However, one of the most noticeable things about studying the history of Catholic doctrine is the almost complete lack (in English) of modern studies of the time of Trent to the beginning of the 20th century. One of the great achievements of the ressourcement is to have made available critical texts, translations and studies of the great Patristic writers; we really are spoiled for choice now! The high medieval period has always been well covered. But look for textbooks about the big names, or translations of their work, or of the important theological arguments in the Tridentine and post-Tridentine period and there is almost nothing! Without thinking too hard about it: no major studies on Cajetan, Suarez or Liguori; no translations of the Caletan’s summa commentary, or of Liguori’s theologia moralis. What about the de auxiliis controversy or Jansenism?

Similarly, Fr. Aidan’s “Reason with Piety” appears to be the first book length study of the theology of such a major figure as Garrigou-Lagrange himself (Richard Petticord’s "Sacred Monster of Thomism is more biographical).

Fr. Aidan says that: “But then something went wrong with the development of Catholic thought itself.” Perhaps we have here part of the reason: the ressourcement made available many ancient sources, but theologians in their enthusiasm for this new material forgot to take account of the tradition that was already under their noses. Fr. Aidan goes on to say: “It is the task of Catholics now to put it right.” Perhaps a fruitful approach would be to re-discover the work of the Neo-Scholastics and to attempt a new synthesis of patristic, medieval and post-Tridentine theology. Just from the small amount of Neo-Scholastic reading I’ve done, I get the distinct impression that to ignore their voice would be a profound mistake.

Wednesday, 24 March 2010

Thought for the Day

In the work of evangelization, there exists no room for compromise on what the grace of Christ can accomplish in anyone, no matter what his or her state or condition may be.

Romanus Cessario, The Moral Virtues and Theological Ethics, p. 66

Monday, 22 March 2010

Thought for the Day

One little drop of Christ’s blood, by His union with the Word, would have sufficed to redeem the whole human race. It is to men an infinite treasure by reason of Christ’s merits.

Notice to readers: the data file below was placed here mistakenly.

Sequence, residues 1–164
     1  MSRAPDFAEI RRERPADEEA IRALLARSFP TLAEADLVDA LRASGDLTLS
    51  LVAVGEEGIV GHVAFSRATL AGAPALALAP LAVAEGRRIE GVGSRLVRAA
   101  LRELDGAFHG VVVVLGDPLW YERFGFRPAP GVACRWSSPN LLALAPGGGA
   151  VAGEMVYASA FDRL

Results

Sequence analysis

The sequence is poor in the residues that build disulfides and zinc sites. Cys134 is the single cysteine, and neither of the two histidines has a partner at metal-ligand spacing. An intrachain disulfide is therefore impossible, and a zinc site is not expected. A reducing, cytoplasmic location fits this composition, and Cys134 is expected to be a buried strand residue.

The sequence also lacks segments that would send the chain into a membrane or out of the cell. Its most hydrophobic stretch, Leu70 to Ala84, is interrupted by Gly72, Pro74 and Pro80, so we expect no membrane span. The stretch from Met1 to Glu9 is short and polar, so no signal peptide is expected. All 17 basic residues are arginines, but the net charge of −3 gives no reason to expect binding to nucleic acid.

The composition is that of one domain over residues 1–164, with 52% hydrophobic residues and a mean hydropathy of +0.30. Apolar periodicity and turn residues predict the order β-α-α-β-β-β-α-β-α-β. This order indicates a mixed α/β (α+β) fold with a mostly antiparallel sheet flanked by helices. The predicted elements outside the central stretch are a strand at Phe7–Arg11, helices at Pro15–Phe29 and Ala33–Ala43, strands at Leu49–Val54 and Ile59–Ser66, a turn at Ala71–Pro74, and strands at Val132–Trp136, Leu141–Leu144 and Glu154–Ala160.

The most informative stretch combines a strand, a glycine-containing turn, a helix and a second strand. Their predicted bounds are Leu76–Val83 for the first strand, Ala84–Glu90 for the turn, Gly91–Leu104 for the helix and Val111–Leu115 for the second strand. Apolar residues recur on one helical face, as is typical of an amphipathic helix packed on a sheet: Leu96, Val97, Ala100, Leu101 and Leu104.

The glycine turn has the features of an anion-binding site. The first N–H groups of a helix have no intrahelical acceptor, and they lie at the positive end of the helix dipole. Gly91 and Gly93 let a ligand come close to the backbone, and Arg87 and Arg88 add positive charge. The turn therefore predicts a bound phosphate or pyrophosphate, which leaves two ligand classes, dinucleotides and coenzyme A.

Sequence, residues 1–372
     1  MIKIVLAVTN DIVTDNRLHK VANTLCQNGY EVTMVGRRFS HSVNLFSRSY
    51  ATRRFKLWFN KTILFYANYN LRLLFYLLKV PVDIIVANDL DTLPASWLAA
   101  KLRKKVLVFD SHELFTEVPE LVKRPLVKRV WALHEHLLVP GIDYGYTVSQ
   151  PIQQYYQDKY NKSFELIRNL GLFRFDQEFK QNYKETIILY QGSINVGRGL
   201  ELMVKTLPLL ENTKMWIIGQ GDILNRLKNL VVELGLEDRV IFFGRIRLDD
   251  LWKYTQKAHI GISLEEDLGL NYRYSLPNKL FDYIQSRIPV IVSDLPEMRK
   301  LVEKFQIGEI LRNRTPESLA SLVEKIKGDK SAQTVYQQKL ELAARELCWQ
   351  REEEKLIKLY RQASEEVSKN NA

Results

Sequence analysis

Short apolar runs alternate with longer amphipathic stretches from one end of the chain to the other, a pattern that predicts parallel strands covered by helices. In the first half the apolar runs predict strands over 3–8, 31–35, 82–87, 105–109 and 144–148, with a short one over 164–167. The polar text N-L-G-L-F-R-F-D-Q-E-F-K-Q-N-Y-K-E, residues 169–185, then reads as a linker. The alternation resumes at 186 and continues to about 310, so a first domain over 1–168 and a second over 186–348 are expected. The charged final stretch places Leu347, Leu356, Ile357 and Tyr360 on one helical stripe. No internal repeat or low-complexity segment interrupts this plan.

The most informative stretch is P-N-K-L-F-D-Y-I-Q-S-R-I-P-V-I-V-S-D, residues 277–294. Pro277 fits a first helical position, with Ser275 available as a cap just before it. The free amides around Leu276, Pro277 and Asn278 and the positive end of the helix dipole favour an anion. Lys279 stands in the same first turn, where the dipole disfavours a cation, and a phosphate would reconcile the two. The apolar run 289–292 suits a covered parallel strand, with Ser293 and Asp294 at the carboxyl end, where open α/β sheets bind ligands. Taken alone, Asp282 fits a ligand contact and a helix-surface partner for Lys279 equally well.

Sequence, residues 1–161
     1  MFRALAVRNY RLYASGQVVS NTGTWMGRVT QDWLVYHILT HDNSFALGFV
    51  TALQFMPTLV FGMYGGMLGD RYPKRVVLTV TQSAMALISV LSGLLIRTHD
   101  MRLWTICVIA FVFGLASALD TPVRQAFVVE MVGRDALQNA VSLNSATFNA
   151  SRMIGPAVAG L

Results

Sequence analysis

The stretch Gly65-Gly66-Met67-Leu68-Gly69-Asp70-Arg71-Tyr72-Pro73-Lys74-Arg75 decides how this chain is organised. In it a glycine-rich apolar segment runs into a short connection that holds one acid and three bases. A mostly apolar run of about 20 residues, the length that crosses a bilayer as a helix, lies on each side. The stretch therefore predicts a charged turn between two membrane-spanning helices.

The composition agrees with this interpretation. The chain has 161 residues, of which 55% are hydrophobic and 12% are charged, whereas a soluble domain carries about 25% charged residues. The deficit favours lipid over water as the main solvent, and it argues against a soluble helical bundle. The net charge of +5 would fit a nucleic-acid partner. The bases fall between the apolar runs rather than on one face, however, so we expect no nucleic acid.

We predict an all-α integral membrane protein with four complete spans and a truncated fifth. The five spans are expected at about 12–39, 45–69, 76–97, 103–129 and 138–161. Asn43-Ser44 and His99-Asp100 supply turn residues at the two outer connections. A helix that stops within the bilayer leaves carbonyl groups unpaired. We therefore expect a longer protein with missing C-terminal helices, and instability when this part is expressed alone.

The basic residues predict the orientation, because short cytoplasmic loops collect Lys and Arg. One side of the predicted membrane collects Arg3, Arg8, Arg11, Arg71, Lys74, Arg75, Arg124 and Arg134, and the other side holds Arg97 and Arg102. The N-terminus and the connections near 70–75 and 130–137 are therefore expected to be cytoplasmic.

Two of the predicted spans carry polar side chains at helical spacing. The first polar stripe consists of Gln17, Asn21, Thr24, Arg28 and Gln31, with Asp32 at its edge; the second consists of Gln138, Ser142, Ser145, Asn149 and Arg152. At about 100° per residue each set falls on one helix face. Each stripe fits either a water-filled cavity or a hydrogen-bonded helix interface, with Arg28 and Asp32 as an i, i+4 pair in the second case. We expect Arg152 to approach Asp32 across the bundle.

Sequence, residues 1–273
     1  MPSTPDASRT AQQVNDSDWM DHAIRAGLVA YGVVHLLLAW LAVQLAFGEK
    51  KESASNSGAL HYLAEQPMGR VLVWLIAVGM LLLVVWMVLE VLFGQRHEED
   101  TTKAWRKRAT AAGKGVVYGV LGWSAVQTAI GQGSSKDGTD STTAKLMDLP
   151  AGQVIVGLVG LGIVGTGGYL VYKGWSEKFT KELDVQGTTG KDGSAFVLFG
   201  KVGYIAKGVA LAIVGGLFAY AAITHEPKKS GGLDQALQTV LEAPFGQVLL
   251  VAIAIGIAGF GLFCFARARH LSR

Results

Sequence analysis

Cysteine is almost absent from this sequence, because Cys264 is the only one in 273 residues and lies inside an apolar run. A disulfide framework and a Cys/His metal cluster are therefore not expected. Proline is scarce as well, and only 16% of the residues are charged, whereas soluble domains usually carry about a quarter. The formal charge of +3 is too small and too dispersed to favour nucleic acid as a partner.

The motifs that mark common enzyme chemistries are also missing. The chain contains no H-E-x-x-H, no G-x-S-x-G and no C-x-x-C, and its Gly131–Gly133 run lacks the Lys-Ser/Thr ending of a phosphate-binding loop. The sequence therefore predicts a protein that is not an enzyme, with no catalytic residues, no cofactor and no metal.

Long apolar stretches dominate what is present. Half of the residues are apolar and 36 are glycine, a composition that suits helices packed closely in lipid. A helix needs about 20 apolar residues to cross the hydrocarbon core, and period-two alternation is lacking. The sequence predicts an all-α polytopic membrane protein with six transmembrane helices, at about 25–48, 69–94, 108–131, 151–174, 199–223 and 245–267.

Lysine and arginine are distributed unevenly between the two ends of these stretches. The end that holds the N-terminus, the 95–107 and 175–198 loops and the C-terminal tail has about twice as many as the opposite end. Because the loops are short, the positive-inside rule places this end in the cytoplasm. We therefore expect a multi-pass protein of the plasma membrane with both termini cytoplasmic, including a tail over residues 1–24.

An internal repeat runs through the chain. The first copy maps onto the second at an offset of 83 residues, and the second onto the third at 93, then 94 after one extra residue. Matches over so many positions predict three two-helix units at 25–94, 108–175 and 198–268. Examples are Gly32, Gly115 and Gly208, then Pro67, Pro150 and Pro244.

Reginald Garrigou-Lagrange, Reality 34.5 (after Clement VI, Unigenitus).

Sunday, 21 March 2010

A little bit of heaven...

Catholic Church music in the UK is, in general, in a woeful state. One of the most incredible and depressing realizations I had when I was approaching the Church was that most of the treasure of Christian music was a closed book to our age. What seems to have replaced it is a sad mixture of the banal and sentimental, with a complete lack of appreciation of the theological role that music has to play in the liturgy.

Fortunately, we can recapture some of our heritage from the excellent recordings that are available. One of my favourite groups is the Ensemble Organum, led by Marcel Peres.

They specialize in (sometimes speculative) reconstructions of ancient performing practices. Whether or not they are historically accurate, the fruits of their work are always interesting and sometimes sublime.

Here’s an example from the Gradual of Eleanor of Brittany, the kyrie Orbis factor.

Here’s another example from one of my very favourite CDs, Domine audivi auditum tuum from the Office for Good Friday, in the Old Roman Chant.

Saturday, 20 March 2010

More New Books

While wandering around the web, I came across these two titles on the website of Sapientia Press that should be of interest to any card carrying Thomist!

Lawrence Feingold, "Natural Desire to See God According to St. Thomas and His Interpreters"

Serge-Thomas Bonino (ed.), Surnaturel: A Controversy at the Heart of Twentieth-Century Thomistic Thought

I presume that the Feingold book is a reprint or new edition of his Angelicum thesis. This has been much talked about and very hard to obtain, so this edition is much to be welcomed. Bonino's book promises to be a useful collection of essays on the same topic.

On Authority II

Quite famously, canon law makes what may seem like considerable (and might some people even say: mediaeval, archaic?) demands concerning the interior assent to authority.